Embargoed for Release at 12:00 Noon Local Time (10:00 AM GMT or 06:00 AM EDT), 2 October 2001

New Movement Among Farmers to Give up the Plow Takes Root Across Asia's Breadbasket

"Low-till" Agriculture Yields Range of Benefits from Saving Water And Increasing Harvests to Reducing Greenhouse Gas Emissions and Herbicide Use

THE HAGUE, 2 October 2001 — Scientists announced today that a major agricultural transformation is sweeping across Asia's breadbasket regions that could have significant implications for charting a course toward more ecologically-friendly, higher-producing, cost-effective agriculture among all groups of farmers in Asia. So-called "low-till" farming, which does away with intensive and repeated plowing of farmers' fields, is increasing harvests, reducing water use by as much as 30 to 50 percent, and requiring less fuel for running tractors on farms. Because there are one-half to two-thirds fewer weeds, herbicide use is reduced. Farmers living in four countries—Bangladesh, India, Nepal, and Pakistan—are taking up low-till agriculture in such numbers that scientists say the impact in the region could be as great as the Green Revolution of the 1970s.

The success of the approach comes at an opportune time as water scarcity in Asia and, more specifically, a three-year drought in Pakistan, threaten the region's rice and wheat yields. The transformation in farming is largely the result of pioneering agricultural research and promotional work begun in the region by the Mexico-based International Maize and Wheat Improvement Center (CIMMYT). CIMMYT works , in partnership with the national research programs of South Asia in an alliance known as the Rice-Wheat Consortium for the Indo-Gangetic Plains (RWC), which also includes the Philippines-based International Rice Research Institute (IRRI). RWC has been funded in large part by the International Cooperation of the Government of the Netherlands (DGIS). Both CIMMYT and IRRI are Future Harvest Centers. Future Harvest is a global, non-profit organization based in Washington, D.C. that builds awareness and support for food and environmental research around the world.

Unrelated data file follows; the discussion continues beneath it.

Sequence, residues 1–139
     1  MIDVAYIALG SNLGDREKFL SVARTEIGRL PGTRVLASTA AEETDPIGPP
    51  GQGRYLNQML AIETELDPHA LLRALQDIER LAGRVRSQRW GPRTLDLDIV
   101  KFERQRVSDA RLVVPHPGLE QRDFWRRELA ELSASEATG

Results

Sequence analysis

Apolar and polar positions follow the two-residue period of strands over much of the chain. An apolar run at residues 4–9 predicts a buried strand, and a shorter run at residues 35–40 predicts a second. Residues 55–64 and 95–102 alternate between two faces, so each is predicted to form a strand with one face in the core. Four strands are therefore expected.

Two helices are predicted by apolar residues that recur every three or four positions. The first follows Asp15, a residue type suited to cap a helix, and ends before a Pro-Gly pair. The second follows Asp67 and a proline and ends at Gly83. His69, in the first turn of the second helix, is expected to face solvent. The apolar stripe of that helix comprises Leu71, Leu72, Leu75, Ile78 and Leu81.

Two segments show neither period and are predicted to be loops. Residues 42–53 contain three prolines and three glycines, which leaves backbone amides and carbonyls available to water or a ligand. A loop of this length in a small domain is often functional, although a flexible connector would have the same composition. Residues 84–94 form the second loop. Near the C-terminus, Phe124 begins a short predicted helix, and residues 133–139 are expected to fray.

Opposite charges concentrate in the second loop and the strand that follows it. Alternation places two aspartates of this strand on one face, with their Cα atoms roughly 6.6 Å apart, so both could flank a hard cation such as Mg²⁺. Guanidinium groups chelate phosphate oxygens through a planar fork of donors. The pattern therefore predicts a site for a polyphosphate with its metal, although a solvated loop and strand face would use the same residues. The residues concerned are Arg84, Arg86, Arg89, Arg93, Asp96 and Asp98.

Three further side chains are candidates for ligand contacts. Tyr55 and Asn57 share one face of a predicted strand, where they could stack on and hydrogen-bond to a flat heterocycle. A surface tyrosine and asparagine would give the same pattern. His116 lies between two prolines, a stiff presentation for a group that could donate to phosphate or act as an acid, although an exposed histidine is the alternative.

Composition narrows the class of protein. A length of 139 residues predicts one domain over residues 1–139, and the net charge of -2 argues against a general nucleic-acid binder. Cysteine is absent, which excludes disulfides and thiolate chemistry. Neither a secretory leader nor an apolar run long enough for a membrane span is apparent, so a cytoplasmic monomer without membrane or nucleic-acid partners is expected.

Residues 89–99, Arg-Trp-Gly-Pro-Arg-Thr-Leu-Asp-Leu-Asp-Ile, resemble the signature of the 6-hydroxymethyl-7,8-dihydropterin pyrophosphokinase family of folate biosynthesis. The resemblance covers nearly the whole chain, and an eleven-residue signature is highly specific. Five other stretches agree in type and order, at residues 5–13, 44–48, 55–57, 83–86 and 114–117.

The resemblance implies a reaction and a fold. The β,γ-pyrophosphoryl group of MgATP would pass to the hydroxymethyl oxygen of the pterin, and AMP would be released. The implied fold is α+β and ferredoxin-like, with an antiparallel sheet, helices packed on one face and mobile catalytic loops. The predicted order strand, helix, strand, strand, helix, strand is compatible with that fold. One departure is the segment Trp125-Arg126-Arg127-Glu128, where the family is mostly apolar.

"This region of 1.3 billion inhabitants is beset by overcrowding, poverty, and misery," said Professor Timothy Reeves, director general of CIMMYT. "To feed soaring populations, farmers must increasingly use more fertilizer, water, and herbicides to get the same or greater crop yields from their land. Low-till agriculture enables them to increase their productivity while at the same time decreasing—not increasing—these inputs. This new agricultural revolution in South Asia is poised to be a greener revolution than the one that took place in the 1970s."

"South Asia is facing an extreme crisis in water—the lifeblood of this region—and that could be absolutely devastating," said Peter Hobbs, PhD, a natural resource agronomist with CIMMYT and one of the lead scientists on these efforts in the region. "Without conservation of water through practices like low-till agriculture, this region will become dependent upon imported food, which no one can afford. This would create inevitable food shortages and severe malnutrition in a population where 40 percent of the people live on less than US$2 per day."